A MINNESOTA DOMESTIC ASSAULT CONVICTION ALSO TRIGGERS FIREARM RESTRICTIONS.

If a firearm was used during the commission of the Minnesota Domestic Assault offense, the court may order that the firearm be forfeited.  This means the state would seize the firearm and the offender would no longer own the weapon.  Even if a firearm was not used during the assault, an offender may be prohibited from possessing a firearm for up to three years following a Minnesota Domestic Assault conviction.

A Minnesota Domestic Assault charge is a very serious criminal offense, even if it is a first-time Misdemeanor offense.  If charged with Domestic Assault, you need an experienced Minnesota criminal defense lawyer on your side.  Our St. Paul criminal defense attorneys have successfully handled numerous Domestic Assault cases.  Our aggressive criminal defense lawyers will thoroughly investigate every aspect of the allegations against you and prepare a solid defense.  Contact us today if you or someone you know if facing a Minnesota Domestic Assault charge.

Minnesota First Degree Manslaughter

Minnesota First Degree Manslaughter

MINNESOTA FIRST DEGREE MANSLAUGHTER IS A VERY SERIOUS CHARGE.

A person convicted of First Degree Manslaughter in Minneapolis faces up to 15 years in prison.  Several different circumstances can lead to a charge of First Degree Manslaughter.

Probably the most common set of circumstances that will result in a First Degree Manslaughter charge is what’s known as the “heat of passion” killing.  This occurs when one person causes the death of another when their actions were provoked by words or acts of another that caused the actor to essentially lose control.  A familiar example of this situation:  a person comes home to find his/her spouse in bed with another and irrationally attacks the spouse or the spouse’s lover and the attack results in death.  In this situation, it is unlikely that there was any sort of premeditation or planning by the attacking thought; rather, the act of catching a spouse in bed with a stranger caused a momentary loss of self-control that ended in death.

Other situations that can result in a charge of First Degree Manslaughter include:

  • committing misdemeanor assault with exceptional force and violence that resulted in the death of another;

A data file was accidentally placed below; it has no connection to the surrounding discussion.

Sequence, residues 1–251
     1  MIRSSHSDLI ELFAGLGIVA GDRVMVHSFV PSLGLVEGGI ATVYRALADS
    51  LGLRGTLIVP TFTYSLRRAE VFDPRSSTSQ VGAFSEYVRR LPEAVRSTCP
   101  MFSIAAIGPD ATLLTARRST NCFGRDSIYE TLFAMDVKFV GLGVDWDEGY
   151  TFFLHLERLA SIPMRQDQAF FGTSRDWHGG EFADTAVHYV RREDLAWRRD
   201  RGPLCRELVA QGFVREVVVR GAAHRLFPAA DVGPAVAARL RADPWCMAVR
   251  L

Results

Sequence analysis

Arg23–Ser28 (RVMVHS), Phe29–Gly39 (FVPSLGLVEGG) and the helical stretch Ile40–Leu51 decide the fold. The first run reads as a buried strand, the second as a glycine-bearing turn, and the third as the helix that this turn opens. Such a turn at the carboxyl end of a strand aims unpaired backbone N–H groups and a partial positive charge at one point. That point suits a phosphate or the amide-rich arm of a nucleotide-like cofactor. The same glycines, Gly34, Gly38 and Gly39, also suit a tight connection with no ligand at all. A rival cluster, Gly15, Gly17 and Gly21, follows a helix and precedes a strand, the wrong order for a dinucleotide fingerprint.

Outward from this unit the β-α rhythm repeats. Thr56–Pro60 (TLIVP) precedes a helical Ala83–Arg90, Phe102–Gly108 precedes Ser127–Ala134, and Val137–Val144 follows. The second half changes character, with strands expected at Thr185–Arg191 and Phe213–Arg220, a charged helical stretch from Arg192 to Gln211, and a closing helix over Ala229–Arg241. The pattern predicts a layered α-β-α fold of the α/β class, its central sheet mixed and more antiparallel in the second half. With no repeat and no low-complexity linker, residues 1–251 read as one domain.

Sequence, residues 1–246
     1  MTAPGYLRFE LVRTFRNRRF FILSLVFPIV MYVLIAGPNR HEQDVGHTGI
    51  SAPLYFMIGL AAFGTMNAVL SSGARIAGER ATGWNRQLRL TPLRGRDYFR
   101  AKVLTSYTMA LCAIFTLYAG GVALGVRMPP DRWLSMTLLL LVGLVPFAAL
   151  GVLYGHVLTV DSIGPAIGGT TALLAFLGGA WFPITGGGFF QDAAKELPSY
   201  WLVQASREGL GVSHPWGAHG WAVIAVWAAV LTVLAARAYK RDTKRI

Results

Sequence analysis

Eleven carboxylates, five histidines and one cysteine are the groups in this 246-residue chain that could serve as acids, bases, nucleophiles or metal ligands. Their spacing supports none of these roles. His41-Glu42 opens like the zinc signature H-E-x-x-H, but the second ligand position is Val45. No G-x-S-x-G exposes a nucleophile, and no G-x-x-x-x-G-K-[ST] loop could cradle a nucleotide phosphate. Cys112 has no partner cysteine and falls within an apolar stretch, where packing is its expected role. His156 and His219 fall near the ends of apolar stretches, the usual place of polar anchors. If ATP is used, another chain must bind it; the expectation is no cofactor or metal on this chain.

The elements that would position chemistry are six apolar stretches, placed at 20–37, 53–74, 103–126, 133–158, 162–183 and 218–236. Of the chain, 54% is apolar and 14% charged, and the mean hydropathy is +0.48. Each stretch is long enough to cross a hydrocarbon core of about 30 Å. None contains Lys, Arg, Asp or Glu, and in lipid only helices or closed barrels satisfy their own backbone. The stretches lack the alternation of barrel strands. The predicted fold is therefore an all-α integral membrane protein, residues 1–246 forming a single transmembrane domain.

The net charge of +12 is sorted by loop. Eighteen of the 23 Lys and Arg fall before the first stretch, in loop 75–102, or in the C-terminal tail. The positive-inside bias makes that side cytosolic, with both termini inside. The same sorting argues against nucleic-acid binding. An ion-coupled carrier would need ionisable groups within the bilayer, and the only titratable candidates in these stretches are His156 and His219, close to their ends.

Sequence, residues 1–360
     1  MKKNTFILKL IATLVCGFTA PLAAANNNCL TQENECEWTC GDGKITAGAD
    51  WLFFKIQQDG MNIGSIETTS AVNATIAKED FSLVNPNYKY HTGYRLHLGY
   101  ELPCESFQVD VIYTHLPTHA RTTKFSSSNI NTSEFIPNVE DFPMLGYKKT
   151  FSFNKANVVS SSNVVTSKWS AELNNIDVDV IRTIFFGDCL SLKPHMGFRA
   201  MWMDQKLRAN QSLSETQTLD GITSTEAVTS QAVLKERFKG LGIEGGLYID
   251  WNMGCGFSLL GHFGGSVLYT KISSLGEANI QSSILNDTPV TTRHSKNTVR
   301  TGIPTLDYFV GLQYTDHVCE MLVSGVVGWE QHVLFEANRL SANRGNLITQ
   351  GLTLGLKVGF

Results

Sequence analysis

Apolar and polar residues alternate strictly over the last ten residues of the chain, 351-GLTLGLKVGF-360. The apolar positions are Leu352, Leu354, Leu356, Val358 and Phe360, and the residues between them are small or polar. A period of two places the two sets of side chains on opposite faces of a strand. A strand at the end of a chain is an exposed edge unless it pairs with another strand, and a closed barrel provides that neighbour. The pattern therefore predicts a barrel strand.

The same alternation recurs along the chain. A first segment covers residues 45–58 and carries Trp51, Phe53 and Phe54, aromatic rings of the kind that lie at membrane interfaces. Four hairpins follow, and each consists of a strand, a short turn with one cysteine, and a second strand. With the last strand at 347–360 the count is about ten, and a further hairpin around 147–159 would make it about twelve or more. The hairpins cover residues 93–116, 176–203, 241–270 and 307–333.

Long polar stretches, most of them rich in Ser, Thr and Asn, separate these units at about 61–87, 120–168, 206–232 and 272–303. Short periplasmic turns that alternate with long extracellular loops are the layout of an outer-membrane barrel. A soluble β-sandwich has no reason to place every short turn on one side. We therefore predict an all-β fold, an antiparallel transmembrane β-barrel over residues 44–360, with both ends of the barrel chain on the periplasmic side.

• intentionally causing the death of another while acting under the duress of threats made by another to the actor that reasonably caused the actor to fear imminent bodily harm or death of another;
  • selling a controlled substance, the use of which causes death; or,
  • causing the death of a child while engaged in the malicious punishment of that child.

THE BIGGEST DIFFERENCE BETWEEN A CHARGE OF MURDER VERSUS MANSLAUGHTER LIES WITH THE INTENT OF THE ACTOR.

Intent can be tricky to determine.  The initial determination is made by the prosecuting agency as it tries to fairly determine an actor’s intent from the circumstances of the incident.  A charge of First Degree Manslaughter will usually result if the conclusion reached is that the actor acted with intent to harm but not to kill.

AS WITH OTHER BODILY INJURY CRIMES, SELF-DEFENSE MAY APPLY TO SOME CIRCUMSTANCES OF A CHARGE.

The facts and circumstances of each individual particular case will determine whether a defense of self-defense exists.

A charge of Minnesota First Degree Manslaughter requires an experienced Minnesota criminal defense lawyer.  Our St. Paul criminal defense attorneys will help prepare a strong and thorough defense to a Minnesota First Degree Manslaughter charge.  Contact our Minneapolis criminal defense lawyers for a free consultation.

Work Comp Depression

Work Comp Depression

Under Minnesota workers’ compensation law, depression that results from a work injury may be compensable in certain cases. Minnesota workers’ compensation law divides “mental injuries” such as depression into certain categories:

1. Mental Physical Cases:  This occurs when work comp depression produces a physical ailment.  This is likely not a situation where the issue of depression will arise, but some of these claims are  still compensable under Minnesota workers’ compensation law.  It is generally the employee’s burden to prove the physical ailment resulted from work comp depression.

2. Physical/Mental Cases:  In situations where a work-related physical injury cases, aggravates, or leads to a mental injury like depression, that mental injury may be compensable under Minnesota workers’ compensation law.  In these cases, there usually must be some sort of work-related physical injury that leads to work comp depression.  If the employee can prove he or she began suffering from depression as a result of the work-related injury, then the employee may be entitled to additional benefits for work comp depression.